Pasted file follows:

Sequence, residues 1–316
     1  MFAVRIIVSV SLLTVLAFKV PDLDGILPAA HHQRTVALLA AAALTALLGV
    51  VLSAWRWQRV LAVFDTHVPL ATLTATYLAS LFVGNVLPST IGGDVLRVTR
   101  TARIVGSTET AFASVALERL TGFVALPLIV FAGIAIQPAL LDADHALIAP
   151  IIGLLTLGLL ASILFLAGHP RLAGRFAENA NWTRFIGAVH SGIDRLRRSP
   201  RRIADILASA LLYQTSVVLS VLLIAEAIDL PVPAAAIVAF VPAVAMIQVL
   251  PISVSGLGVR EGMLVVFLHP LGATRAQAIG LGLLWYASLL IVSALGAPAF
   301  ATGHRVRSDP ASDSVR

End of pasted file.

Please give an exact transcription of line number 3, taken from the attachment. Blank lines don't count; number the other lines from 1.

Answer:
    51  VLSAWRWQRV LAVFDTHVPL ATLTATYLAS LFVGNVLPST IGGDVLRVTR